UFO Conjectures

Tuesday, July 30, 2013

The Philosophical Underpinnings of Some UFO Buffs?

Copyright 2013, InterAmerica, Inc.

I am intrigued by how some visitors here think, those that do think, (Not all do.)

I favor Plato, as do most of the RRRGroup fellows who work on blogs with disciplines that are far from the UFO topic; most are neo-Platonists.

There is a heavy reliance, by us, on the thought processes of the 13th Century Scholastics, who were Aristotelian, as even the great Thomas Aquinas agreeing with the admired Aristotle in his Summa Theologiae on the matter of God and Evil: Aristotle arguing, in a metaphor that God as the Captain of the Ship was responsible for its destination and crew; that is, God is the Captain of humanity’s destination and if humanity is Evil then God, as the Captain is responsible for Evil.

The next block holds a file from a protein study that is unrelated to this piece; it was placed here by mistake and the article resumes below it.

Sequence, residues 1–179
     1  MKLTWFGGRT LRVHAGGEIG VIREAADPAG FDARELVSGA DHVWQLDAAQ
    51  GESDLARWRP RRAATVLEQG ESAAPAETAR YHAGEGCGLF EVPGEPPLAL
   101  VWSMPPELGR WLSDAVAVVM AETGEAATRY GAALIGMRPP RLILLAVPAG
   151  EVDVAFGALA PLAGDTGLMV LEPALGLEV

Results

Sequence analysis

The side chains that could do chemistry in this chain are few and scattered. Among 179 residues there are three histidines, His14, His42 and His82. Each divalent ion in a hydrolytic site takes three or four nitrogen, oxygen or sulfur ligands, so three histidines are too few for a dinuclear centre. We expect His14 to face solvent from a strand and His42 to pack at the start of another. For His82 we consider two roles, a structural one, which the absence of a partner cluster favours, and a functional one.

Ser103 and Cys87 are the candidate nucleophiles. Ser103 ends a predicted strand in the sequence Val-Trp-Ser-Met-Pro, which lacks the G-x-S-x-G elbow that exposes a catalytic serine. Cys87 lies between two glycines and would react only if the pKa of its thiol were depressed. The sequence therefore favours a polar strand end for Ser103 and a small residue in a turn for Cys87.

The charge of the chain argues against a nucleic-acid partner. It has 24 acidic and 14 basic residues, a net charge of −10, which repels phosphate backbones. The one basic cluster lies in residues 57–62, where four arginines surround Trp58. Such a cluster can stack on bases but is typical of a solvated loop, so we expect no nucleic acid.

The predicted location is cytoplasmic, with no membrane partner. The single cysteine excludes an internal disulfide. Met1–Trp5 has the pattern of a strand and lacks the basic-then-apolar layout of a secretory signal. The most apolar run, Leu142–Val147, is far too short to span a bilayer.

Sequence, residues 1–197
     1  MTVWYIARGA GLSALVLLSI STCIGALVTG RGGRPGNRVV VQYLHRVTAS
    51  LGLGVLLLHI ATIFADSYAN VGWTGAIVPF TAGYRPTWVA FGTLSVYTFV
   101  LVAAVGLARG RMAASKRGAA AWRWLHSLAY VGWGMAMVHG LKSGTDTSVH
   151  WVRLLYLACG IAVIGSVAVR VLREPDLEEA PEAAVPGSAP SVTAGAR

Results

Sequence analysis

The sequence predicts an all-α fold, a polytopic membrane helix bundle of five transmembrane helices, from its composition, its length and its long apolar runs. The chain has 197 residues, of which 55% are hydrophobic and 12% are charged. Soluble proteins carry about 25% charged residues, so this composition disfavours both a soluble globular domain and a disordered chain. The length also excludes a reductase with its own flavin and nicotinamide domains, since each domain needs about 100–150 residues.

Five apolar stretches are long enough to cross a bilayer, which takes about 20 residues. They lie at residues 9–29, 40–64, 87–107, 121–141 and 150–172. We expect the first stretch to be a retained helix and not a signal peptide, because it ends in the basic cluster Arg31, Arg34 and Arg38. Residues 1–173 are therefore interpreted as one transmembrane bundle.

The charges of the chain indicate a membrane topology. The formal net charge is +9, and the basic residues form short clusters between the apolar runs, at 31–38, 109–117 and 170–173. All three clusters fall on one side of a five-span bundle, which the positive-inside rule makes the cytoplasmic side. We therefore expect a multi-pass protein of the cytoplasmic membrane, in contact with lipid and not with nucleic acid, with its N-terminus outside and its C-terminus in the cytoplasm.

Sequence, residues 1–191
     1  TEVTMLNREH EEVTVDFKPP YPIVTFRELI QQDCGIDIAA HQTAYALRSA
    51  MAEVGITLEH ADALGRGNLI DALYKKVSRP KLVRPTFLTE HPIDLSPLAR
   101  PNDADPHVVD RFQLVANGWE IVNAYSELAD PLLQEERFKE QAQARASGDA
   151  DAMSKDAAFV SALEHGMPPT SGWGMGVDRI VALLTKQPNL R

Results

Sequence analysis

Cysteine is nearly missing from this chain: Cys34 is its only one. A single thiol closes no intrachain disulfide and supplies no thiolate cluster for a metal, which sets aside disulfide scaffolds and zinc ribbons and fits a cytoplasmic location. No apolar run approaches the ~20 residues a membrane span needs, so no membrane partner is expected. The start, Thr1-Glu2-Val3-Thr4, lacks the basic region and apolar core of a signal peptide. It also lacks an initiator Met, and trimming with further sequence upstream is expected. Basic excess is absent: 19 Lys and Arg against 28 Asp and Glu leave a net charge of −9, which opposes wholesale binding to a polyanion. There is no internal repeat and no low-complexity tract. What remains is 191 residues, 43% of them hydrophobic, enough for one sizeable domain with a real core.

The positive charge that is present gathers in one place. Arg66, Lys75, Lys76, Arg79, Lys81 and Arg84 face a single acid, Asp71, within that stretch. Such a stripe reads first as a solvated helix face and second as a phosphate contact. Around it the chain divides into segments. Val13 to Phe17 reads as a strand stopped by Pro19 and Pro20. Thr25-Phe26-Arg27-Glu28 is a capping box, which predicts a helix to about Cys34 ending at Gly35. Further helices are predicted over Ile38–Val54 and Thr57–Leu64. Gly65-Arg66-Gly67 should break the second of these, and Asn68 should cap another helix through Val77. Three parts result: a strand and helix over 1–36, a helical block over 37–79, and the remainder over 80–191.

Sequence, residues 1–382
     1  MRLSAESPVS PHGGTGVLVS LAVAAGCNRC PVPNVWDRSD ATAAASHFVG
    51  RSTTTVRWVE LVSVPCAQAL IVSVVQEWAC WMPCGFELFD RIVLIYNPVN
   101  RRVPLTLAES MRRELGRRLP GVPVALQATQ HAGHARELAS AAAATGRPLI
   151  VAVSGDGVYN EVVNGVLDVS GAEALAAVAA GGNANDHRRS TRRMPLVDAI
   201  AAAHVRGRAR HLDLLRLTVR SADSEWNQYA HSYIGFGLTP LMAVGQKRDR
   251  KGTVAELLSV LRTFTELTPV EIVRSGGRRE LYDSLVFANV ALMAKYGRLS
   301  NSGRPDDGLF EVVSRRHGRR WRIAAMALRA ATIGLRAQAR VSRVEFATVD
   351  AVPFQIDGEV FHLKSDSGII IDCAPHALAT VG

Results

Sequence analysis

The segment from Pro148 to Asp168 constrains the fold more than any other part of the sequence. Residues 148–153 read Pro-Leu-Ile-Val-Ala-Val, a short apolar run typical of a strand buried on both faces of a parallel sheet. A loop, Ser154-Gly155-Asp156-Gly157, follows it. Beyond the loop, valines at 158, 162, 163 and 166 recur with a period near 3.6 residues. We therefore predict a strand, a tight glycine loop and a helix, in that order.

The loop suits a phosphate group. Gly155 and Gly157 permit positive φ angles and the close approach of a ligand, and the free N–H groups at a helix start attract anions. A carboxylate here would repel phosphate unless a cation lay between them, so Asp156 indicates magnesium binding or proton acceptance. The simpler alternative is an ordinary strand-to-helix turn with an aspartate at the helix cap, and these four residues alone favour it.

Aquinas tried to work Aristotle out of that view but ends up, by ratiocination, supporting it.

Also, we like that Scholastic argumentation included the question of “how many angels can dance on the head of a pin” – silly arguments, like those we pose here, but essential to thought processes that might arrive at certitude.

I get the impression that Paul Kimball is Cartesian, his thought processes filtered by and supported by the mental processes of Descartes: “I think, therefore I am.”  (He’ll correct me I’m sure, but that’s my impression.)

Nick Redfern is Socratic: “What do I know,” he asks?

Bruce Duensing is Hegelian. Yep!

Zoam Chomsky is a Nietzsche acolyte I believe.

Gilles Fernandez is influenced by Auguste Comte. (He just doesn’t know it.)